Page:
The São Paulo Metropolitans were another team that was expected to draft largely along national lines, but the lack of highly-ranked Brazilian players meant that few observers expected manager André Akkari to begin drafting locally from the first pick. Indeed, Akkari himself said in a pre-draft interview that he was planning on picking “a big star” in the first round. Personally, I thought that this meant he was planning on snagging someone like Fedor Holz before he went to Berlin or, as actually happened, Los Angeles.

Instead, Akkari went with Darren Elias. A good player to be sure, but perhaps not the first to come to anyone else’s mind at such an early stage of the draft. As was pointed out by the analysis panel, the decision was probably influenced by the fact that Elias spends a lot of time living in Brazil as it is in order to be able to play online. Those online skills will also be important in the early part of the GPL season, before the events start to be played live. Still, Elias was only the 16th highest-ranked player of those who opted-in, and not of particular marketing importance to any other team, so he probably would have been available to Akkari in the second round. Akkari’s second pick, meanwhile, was #1 ranked Byron Kaverman. It’s not that either Kaverman or Elias is that surprising a choice for Akkari, but if these were the two that he wanted, I would have expected him to take them in the other order.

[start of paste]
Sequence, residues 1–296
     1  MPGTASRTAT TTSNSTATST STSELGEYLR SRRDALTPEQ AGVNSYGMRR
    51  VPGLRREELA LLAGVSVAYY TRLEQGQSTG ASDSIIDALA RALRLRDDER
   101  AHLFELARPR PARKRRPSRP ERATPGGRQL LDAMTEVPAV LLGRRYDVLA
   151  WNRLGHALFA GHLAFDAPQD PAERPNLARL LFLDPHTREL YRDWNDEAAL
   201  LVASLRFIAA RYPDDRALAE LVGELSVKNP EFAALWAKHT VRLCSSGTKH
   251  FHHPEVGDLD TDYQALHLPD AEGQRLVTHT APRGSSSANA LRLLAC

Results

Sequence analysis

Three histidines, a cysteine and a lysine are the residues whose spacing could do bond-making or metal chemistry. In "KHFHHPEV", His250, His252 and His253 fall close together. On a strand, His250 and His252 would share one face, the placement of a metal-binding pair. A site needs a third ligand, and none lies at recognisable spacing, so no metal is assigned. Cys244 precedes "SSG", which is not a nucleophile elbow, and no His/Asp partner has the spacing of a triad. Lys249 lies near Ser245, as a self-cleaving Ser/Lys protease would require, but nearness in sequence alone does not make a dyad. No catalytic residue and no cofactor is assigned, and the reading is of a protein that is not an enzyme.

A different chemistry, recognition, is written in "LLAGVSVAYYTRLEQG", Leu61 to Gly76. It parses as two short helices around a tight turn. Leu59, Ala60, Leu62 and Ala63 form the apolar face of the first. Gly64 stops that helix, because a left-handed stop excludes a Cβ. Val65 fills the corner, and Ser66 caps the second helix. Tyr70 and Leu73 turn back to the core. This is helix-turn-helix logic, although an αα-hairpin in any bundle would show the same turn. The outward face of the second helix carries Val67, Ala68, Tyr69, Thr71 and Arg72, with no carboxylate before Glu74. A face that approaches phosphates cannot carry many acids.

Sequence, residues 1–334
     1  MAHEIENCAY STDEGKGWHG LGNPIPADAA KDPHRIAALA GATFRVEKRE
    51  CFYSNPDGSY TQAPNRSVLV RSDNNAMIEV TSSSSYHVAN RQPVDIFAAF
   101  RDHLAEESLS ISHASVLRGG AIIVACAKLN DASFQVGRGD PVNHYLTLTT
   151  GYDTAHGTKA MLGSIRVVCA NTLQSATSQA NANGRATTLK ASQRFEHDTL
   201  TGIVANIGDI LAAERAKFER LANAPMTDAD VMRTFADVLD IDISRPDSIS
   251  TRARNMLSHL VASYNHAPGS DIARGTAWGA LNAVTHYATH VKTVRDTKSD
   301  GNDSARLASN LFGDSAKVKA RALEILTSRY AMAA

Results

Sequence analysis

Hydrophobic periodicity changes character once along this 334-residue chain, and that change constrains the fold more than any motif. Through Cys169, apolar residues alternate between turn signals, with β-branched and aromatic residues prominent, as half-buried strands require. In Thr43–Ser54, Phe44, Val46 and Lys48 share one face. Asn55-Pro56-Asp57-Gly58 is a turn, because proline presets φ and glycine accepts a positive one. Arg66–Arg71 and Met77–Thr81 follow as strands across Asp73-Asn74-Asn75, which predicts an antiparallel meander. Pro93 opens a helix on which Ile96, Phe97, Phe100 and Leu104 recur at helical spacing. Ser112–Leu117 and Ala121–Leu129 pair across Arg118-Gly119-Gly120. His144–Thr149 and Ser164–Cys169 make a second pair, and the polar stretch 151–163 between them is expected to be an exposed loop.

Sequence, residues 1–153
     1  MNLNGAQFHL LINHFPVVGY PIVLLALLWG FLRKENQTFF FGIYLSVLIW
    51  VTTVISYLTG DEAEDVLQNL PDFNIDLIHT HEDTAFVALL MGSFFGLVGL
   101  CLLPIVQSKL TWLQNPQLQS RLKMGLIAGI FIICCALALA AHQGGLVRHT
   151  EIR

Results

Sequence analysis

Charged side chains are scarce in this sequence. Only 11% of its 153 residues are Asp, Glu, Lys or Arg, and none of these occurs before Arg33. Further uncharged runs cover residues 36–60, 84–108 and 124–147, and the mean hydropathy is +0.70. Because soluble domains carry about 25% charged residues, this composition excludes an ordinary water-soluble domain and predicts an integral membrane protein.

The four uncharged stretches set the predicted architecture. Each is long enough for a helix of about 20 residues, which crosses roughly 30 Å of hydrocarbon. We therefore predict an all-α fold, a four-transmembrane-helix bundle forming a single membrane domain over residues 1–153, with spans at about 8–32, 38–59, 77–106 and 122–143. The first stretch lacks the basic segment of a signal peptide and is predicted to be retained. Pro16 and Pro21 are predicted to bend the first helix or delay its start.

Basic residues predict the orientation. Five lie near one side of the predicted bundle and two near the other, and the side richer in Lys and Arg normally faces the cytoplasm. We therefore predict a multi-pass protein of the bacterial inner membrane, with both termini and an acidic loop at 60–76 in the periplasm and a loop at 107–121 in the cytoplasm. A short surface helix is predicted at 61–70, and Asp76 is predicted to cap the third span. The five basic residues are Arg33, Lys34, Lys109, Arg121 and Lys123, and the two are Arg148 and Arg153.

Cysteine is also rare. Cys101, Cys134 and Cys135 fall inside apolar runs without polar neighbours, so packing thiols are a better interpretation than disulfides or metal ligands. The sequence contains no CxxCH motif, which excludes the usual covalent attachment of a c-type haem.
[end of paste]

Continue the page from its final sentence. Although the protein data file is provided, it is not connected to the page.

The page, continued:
4. Mike Leah to Paris (fourth pick, #38 overall)

Before the draft began, I joked that because he so openly supports Toronto’s hockey team, and because of the rivalry between the two cities, Mike “GoLeafsGoEh” Leah could not possibly end up playing for Montreal. Nonetheless, I secretly suspected that this was probably where he would end up. Instead, he was overlooked until the final round of the draft, at which point he was snagged by Fabrice Soulier of the Paris Aviators.

Soulier had chosen countryman Bertrand “ElkY” Grospellier in the first round as expected and, although he went outside of France’s borders for rounds 2 and 3, he stayed within Europe by taking the Belgian Davidi Kitai and German George Danzer. When it came time for his final pick, there were still plenty of highly-ranked French players on the board, and most of us watching probably expected him to come back home to finish things off. Instead, he decided to cross the Atlantic and scoop up a Canadian. It’s not an absurd choice, as Leah is definitely a talented tournament player and presumably fairly competent in spoken French, but definitely one that not many of us saw coming.